Homeland Security Watch

News and analysis of critical issues in homeland security

March 16, 2006

National security and homeland security

Filed under: General Homeland Security — by Christian Beckner on March 16, 2006

The White House released an update to the National Security Strategy of the United States of America today, a revision of the strategy document released in 2002 notable for its emphasis on the doctrine of pre-emption.

I’ve just read through it, and I’m disappointed by the minimal attention to “homeland security” in it. The last chapter of the report makes a passing mention of the decision to create DHS, and there are references to counter-WMD efforts, disaster response capabilities, and public health challenges, but primarily in the international context: not in terms of our efforts and capabilities at home.

There’s nothing in the strategy about border security. Nothing about travel security or cargo security. Nothing about critical infrastructure protection. Nothing about emergency response capabilities at home. Nothing about domestic law enforcement and intelligence, other than a passing mention of the Patriot Act.

I understand the fact that this strategy is an NSC document, and that homeland security and national security operate on parallel tracks at the White House, through the Homeland Security Council and NSC respectively. And I’m well-versed in the National Strategy for Homeland Security issued by the White House in 2003.

But bureaucratic and institutional issues aside, isn’t homeland security a very critical – arguably the most critical – element of national security? And after four years of reflection, shouldn’t more thought have been given to integrating homeland security into the national security framework that this strategy articulates? While there may be solid reasons for institutional separation, there’s no good reason for there to be a conceptual or strategic schism at the water’s edge between the concepts of national security and homeland security. Hopefully future strategy documents will break down these conceptual barriers and think about homeland security in a more meaningful way.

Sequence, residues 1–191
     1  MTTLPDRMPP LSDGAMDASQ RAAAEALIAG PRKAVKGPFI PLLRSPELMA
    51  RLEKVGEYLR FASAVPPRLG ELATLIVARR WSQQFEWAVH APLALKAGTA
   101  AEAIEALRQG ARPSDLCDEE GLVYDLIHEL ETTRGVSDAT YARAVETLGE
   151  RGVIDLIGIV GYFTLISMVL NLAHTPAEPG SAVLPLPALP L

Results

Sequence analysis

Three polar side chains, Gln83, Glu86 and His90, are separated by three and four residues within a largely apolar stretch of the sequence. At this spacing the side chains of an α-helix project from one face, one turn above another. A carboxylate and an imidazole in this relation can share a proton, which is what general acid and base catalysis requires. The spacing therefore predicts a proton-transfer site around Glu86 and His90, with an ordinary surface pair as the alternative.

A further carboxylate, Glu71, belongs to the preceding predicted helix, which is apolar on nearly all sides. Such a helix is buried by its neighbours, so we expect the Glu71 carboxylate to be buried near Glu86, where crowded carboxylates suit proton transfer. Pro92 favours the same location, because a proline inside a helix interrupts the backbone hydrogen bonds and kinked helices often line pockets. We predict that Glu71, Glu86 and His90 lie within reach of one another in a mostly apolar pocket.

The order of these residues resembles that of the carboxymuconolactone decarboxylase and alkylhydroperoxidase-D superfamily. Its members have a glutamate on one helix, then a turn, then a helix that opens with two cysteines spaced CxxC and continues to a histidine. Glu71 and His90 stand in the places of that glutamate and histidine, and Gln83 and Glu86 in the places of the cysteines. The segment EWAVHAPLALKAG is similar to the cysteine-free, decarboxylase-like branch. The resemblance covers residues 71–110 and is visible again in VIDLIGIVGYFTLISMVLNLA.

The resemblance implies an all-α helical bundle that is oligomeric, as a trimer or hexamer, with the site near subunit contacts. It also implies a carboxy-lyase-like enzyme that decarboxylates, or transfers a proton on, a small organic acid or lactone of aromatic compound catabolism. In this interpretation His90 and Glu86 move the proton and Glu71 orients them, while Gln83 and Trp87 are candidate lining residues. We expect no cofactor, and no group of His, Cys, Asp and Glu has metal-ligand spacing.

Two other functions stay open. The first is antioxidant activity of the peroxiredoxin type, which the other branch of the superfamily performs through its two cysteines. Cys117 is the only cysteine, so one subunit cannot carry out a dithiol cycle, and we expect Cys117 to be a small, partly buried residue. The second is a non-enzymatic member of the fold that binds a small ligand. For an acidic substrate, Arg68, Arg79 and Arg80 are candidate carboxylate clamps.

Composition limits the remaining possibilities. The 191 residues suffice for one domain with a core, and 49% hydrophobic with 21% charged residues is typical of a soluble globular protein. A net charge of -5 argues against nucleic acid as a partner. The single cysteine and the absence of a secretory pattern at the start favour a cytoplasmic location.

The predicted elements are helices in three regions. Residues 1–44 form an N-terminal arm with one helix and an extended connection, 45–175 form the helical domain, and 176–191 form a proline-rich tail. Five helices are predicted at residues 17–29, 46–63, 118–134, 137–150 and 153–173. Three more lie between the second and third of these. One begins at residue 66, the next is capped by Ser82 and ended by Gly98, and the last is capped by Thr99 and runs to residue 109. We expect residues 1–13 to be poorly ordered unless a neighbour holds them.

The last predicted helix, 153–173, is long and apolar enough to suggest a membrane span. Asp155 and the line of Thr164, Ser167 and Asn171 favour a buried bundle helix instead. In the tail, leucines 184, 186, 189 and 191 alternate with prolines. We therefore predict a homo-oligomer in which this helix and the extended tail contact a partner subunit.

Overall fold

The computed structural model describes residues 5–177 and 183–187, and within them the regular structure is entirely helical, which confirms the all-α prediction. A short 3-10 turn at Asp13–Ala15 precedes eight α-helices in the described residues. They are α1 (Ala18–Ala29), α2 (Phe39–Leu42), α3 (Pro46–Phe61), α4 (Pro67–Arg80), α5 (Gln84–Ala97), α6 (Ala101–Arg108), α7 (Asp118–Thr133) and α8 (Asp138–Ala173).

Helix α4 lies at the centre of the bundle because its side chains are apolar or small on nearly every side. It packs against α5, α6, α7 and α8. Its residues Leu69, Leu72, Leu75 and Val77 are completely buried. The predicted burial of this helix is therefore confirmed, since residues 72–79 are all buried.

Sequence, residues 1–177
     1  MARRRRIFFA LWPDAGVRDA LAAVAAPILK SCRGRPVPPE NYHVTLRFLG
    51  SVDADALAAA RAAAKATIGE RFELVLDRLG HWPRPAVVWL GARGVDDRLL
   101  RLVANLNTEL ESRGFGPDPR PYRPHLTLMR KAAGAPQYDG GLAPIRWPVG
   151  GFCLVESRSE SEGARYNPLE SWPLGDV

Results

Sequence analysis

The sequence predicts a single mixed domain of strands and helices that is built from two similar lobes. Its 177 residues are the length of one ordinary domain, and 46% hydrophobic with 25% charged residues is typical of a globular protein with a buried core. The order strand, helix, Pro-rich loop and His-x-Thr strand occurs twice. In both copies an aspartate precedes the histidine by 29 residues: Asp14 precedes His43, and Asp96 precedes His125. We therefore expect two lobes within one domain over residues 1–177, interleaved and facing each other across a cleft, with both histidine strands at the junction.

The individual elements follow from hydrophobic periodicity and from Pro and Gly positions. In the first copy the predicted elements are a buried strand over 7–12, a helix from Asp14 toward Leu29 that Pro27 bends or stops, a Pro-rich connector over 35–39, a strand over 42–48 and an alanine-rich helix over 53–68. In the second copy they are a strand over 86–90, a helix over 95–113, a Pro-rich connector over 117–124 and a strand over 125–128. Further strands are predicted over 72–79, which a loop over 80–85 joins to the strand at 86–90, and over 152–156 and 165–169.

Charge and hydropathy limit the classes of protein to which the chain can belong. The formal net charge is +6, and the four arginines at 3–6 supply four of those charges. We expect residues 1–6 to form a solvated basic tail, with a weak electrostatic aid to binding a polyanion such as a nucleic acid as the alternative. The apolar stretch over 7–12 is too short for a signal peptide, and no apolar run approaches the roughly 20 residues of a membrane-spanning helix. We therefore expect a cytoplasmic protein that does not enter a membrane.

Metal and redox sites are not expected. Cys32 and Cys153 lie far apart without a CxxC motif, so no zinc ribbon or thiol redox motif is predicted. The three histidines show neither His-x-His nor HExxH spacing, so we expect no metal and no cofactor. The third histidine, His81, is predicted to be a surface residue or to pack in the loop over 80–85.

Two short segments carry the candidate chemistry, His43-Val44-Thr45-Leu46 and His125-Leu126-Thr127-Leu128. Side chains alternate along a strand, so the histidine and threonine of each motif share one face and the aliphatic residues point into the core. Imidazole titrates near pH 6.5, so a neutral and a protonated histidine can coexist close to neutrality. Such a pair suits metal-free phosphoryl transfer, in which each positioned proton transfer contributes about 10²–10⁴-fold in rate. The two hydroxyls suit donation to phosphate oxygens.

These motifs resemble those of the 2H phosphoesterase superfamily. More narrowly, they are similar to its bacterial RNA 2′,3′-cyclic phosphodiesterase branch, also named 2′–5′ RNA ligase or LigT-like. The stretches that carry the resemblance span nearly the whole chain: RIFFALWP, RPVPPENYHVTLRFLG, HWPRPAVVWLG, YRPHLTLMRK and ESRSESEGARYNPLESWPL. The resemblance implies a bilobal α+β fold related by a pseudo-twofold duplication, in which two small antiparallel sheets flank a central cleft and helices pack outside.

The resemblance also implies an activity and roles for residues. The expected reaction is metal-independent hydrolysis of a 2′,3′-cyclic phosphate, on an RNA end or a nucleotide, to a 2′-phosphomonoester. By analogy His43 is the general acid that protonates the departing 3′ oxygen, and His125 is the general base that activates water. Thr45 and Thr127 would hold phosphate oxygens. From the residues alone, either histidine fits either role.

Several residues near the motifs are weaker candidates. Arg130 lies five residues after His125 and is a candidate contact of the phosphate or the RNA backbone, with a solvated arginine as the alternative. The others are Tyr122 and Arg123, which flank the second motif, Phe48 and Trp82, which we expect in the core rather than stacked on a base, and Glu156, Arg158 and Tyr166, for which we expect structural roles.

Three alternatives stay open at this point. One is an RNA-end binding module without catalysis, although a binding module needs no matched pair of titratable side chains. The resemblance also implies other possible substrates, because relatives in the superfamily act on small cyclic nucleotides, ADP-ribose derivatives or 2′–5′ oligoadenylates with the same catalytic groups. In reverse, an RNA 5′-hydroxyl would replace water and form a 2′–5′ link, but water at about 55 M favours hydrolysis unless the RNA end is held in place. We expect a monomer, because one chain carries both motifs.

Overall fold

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Comment by Brian Duffy

March 16, 2006 @ 1:19 pm

The first step in resolving the problem you highlighted is to dissolve the Homeland Security Council. At that level there should only be a National Security Council. There can not be a division between homeland and national security. Whether the issue is overseas, on the border or in Kansas City, it is all national security.


Pingback by The War Room » Blog Archive » NSS Update

March 17, 2006 @ 10:07 am

[…] Christian Beckner at Homeland Security Watch has some initial thoughts. […]


Comment by William R. Cumming

March 17, 2006 @ 10:19 am

The National Strategy for Homeland Security was issued in July 2002.


Comment by William R. Cumming

March 17, 2006 @ 10:32 am

Brian Duffy’s comment above identifies a huge issue. I have not been able to find any published analysis of the decision to create a Homeland Security Council in addition to the National Security Council.
The National Security Act of 1947 created the NSC and required that the President and the Council integrate foreign affairs, military affairs, and domestic affairs so as to protect the National Security of the United States. It is interesting to note that the current administration opposed former Senator Fritz Holling’s bill to add the Attorney General as a permanent member of the National Security Council. That bill came within one or two votes of passage in the Senate. So far since the Act became law only two AG’s have been made Ex Officio members of the NSC, Bobby Kennedy and Ed Meese. Steve Hadley the current Advisor to the President for National Security Affairs is a lawyer but it seems that a nation that prides itself on the rule of law would include the AG as a formal member of the National Security Counsel.
In contrast to Executiv Orders (pursuant to EO 11030) not all NSPDs or HSPDs are reviewed formally by the Department of Justice but only on a as requested basis.

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